The throttle response can be rather unintuitive from the get-go, due to a combination of the mild-hybrid system kicking in and the CVT just droning on keeping the RPMs constant, but the Swift feels far peppier than its 12.2 second century sprint timing might suggest.
Furthermore, there’s not much mass to throw around, with the Swift 1.2 Mild Hybrid being a featherweight at just 999kg. Despite the Swift’s front MacPherson struts and rather crude rear torsion beam set-up, it handles corners like an absolute champ.
One thing that has to be pointed out, though, is that at lower speeds, the torsion beam can cause the car to feel rather light, and rear passengers will also experience a crashy ride over humps at those speeds.
The steering feels precise, although it is typically light like most electric power steering systems, and doesn’t exactly provide much feedback from the road. Turn-in is direct, and despite wearing eco tyres, the Swift follows through corners with no understeer, even at speeds that are slightly naughty.
More impressive is the fact that the Suzuki Swift 1.2 Mild Hybrid seems to forget that rain affects traction, and somehow still provides the same driving dynamics even on wet roads.
Clearly, Suzuki’s “HEARTECT” platform is a great base for the Swift Mild Hybrid’s well-sorted chassis, which is also shared with the hotter Swift Sport.
Less Power, More Fun?
Pictured: The Suzuki Swift Sport
Our quick drive of the Swift Sport made clear that it certainly has more power to better complement the Swift’s great handling, but I think there is a point to be made about the Swift Mild Hybrid actually being the more fun-to-drive car for daily use.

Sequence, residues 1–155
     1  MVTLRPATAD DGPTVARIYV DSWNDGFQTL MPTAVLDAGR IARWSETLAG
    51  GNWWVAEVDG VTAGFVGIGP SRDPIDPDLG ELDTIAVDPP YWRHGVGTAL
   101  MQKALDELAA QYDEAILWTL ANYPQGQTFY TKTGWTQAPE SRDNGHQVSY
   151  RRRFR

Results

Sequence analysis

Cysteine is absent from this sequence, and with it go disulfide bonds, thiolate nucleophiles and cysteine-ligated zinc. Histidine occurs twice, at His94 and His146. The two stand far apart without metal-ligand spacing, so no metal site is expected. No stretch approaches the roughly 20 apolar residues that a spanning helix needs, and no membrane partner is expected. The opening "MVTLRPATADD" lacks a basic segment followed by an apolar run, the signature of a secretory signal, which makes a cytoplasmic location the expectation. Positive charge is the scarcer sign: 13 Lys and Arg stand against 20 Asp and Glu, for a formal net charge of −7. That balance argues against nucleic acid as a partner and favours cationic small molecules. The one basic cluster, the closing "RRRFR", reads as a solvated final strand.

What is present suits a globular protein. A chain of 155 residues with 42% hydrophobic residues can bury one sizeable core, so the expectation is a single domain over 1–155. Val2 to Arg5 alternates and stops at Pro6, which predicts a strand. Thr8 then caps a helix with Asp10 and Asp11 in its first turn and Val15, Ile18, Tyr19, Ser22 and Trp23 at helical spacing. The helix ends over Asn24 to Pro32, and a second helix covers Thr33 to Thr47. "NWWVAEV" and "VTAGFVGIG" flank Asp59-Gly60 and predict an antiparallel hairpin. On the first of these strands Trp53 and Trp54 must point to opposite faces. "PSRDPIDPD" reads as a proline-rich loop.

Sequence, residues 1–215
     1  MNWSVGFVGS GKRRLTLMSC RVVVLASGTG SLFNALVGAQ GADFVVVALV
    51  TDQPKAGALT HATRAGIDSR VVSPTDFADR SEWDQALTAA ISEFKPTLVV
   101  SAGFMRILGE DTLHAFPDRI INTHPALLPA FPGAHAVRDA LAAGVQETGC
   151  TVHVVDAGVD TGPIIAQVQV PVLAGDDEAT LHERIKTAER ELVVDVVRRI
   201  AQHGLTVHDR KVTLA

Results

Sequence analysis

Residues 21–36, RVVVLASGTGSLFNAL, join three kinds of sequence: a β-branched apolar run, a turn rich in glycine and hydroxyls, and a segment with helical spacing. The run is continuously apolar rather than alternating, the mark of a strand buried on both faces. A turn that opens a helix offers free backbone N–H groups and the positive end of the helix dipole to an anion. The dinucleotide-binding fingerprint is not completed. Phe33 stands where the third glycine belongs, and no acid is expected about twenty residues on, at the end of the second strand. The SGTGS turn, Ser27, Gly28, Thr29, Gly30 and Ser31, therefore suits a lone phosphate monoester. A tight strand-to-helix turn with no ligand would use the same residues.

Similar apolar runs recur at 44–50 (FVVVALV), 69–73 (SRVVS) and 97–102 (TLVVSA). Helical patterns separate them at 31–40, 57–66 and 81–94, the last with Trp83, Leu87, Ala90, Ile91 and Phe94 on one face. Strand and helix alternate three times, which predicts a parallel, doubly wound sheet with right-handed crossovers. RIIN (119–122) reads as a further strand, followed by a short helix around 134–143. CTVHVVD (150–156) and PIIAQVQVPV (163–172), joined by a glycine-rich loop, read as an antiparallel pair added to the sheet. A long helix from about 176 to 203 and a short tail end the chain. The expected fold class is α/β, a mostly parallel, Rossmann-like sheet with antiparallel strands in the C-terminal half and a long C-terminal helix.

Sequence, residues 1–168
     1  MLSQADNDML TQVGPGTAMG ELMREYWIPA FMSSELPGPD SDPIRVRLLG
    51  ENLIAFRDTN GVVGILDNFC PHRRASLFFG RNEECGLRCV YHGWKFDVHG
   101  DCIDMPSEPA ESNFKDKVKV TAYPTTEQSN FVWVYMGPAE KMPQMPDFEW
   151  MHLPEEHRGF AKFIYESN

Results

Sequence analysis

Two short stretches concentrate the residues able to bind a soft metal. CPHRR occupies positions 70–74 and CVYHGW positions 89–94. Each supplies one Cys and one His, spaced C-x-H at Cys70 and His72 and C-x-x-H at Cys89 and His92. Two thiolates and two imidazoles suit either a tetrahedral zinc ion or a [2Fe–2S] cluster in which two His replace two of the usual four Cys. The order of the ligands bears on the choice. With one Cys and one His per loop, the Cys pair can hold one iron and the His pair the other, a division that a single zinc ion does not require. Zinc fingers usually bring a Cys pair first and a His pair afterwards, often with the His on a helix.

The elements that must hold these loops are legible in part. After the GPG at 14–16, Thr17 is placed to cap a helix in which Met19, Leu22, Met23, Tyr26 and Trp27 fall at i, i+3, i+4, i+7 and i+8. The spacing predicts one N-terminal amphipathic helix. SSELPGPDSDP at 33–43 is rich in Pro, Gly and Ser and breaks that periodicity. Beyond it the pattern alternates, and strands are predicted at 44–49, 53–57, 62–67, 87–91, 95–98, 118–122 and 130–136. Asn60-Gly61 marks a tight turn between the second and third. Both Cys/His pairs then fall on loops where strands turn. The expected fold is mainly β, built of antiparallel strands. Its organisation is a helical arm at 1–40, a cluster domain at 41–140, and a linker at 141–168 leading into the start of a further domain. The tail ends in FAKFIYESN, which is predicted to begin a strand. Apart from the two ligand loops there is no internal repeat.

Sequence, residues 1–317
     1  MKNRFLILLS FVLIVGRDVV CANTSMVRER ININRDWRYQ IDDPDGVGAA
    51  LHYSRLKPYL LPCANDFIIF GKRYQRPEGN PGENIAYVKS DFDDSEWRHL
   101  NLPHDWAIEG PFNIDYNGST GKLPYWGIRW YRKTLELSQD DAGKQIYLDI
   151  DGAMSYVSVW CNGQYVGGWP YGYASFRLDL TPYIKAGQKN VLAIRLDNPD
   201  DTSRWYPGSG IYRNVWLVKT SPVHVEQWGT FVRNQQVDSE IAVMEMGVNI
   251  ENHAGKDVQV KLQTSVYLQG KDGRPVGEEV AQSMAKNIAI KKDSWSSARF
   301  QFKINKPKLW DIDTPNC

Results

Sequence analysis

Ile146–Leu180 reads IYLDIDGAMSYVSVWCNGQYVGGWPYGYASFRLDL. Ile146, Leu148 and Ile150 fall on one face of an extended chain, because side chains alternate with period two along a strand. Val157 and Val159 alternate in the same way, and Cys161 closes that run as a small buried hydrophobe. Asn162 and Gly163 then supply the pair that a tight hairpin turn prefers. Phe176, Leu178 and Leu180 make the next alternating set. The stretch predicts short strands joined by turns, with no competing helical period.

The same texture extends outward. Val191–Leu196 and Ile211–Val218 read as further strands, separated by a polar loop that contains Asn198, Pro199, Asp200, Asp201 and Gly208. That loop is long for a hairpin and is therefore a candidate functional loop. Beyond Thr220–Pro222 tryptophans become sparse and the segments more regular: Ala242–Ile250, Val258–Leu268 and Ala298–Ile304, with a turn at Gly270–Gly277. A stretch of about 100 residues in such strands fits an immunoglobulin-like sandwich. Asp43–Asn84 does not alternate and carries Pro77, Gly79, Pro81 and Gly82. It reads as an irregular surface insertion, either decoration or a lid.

We know not everyone might agree with us, but think about it: with less power, you’ll be able to wring the car to its limit—and that’s where things get fun—all while staying within legal speed limits.
On the other hand, because the Swift Sport has way more performance on tap, you’ll probably only be able to drive it at its limit on track, rather than on public roads (if not for COVID restrictions, Suzuki actually intended to launch the Swift Sport at Sepang to properly demonstrate its capabilities).
Coupled with the cost savings over the dearer Swift Sport, we could realistically see ourselves choosing the Swift Mild Hybrid as a “Swift Sport-lite” to have a lot of fun on public roads, knowing that in all likelihood, fully utilising the anaemic powertrain wouldn’t get our license revoked.
Despite its subcompact dimensions, the Suzuki Swift 1.2 Mild Hybrid can pass off as an adequate four-seater that has just enough boot space for the grocery run.
With more features than you would expect at this price bracket and that fun-to-drive feel, the Swift Mild Hybrid would certainly appeal to the budget-conscious enthusiast who’s looking for something that isn’t boring.
Prices are accurate at the time of writing. Photos in this article by @cookiesncremee